The first annual Future Earth Forum was designed to foster dialogue among an invited group of scientists and decision-makers to help co-design the Future Earth research agenda.
Frans Berkhout, interim Director of Future Earth, said:
‘Future Earth aims to do more connected science on global change and sustainability challenges, and to work with societal partners in the co-production of actionable knowledge to address these challenges. The Future Earth Forum aims to build awareness of this new global initiative, to foster a dialogue between science, business, government and civil society, and to build relationships that can attract new resources to the table’
This inaugural Forum focused on systemic risk - the idea that in an increasingly connected globalised world, companies and institutions are increasingly vulnerable to a number of unpredictable and aggregated risks that could cause the collapse of the entire system. Discussions highlighted the issue of systemic risk as a 'bridge' between science, business, policy and civil society, and the role of Future Earth in developing solutions-oriented research to tackle these challenges. Participants also identified specific, immediate challenges to which Future Earth can contribute actionable knowledge in the coming years.
Attendees, who were drawn from the business, insurance and reinsurance, media, policy and research communities, discussed the interactions between their respective sectors in addressing the challenges of global environmental change. This included the role of the media, and particularly social media, in catalysing greater engagement with sustainable development.
"One of the principles of Future Earth is 'co-design'. This is a new paradigm in international collaborative research in the area of global change" said Wendy Watson Wright, Assistant Director General and Executive Secretary, UNESCO Intergovernmental Oceanographic Commission. "This new approach implies that research is designed in a dialogue with multiple stakeholders - youth, civil society, the private sector, and governments. While it is imperative that science remains independent, it is equally important that it be at the service of society and that it delivers societal benefits. The Forum has been a first encounter of stakeholders with different aspirations and expectations. Future Earth will take due stock of these different views in defining the next generation of global change research."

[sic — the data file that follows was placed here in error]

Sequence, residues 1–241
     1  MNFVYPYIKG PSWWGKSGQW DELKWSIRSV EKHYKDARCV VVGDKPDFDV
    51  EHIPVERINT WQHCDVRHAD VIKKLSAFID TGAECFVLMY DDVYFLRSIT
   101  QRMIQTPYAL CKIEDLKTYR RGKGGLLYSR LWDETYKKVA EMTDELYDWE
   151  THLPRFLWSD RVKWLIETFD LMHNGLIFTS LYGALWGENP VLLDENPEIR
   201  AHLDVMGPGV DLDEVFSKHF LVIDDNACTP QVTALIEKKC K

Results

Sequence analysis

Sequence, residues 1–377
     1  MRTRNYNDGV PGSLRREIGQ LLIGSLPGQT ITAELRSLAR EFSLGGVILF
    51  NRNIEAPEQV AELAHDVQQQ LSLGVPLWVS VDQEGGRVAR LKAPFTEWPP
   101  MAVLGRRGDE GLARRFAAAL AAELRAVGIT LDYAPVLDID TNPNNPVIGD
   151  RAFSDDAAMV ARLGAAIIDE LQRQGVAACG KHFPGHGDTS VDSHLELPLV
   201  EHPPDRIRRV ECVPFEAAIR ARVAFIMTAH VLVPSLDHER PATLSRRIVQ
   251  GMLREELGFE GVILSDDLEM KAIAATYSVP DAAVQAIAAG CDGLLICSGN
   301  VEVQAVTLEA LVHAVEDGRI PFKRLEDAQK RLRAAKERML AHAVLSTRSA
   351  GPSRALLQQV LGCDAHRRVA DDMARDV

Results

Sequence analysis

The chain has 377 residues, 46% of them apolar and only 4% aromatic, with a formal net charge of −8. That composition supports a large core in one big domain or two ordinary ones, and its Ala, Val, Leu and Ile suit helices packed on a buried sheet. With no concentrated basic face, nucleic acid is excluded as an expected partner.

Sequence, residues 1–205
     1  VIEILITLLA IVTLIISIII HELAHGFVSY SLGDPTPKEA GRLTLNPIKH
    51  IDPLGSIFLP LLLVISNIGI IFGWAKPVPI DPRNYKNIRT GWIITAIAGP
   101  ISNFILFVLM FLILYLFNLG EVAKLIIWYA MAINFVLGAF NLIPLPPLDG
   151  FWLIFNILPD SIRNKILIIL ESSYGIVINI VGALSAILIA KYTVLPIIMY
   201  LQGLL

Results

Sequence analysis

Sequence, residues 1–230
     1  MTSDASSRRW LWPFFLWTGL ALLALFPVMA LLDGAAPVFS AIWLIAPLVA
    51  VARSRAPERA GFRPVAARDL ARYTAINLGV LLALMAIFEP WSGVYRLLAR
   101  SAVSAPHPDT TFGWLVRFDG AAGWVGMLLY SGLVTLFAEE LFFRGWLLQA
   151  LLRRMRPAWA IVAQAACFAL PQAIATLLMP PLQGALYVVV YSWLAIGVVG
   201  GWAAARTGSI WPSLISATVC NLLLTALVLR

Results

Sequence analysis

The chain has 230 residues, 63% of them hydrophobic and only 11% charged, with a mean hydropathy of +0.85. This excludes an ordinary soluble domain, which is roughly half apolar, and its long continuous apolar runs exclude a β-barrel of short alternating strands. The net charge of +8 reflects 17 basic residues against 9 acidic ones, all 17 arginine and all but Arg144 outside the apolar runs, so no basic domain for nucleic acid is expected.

Future Earth is committed to building and connecting global knowledge to intensify the impact of research and find new ways to accelerate sustainable development. The Forum will convene each year to further this commitment by developing a network of partners that share Future Earth’s vision and mission, in order to build the support required to generate actionable research and implementable solutions, thus accelerating our transformations towards sustainability.
The Forum is an initiative of The Science & Technology Alliance for Global Sustainability (The Alliance), a high-level international partnership including UNESCO, the Belmont Forum, the International Council for Science, the International Social Science Council, the United Nations Environment Programme and the United Nations University, as well as the World Meteorological Organization as an observer.
The Alliance is committed to making full use of science and technology to inform equitable, sustainable solutions to the most pressing issues currently confronting humankind. The Alliance is currently co-chaired by the International Social Science Council and UNESCO.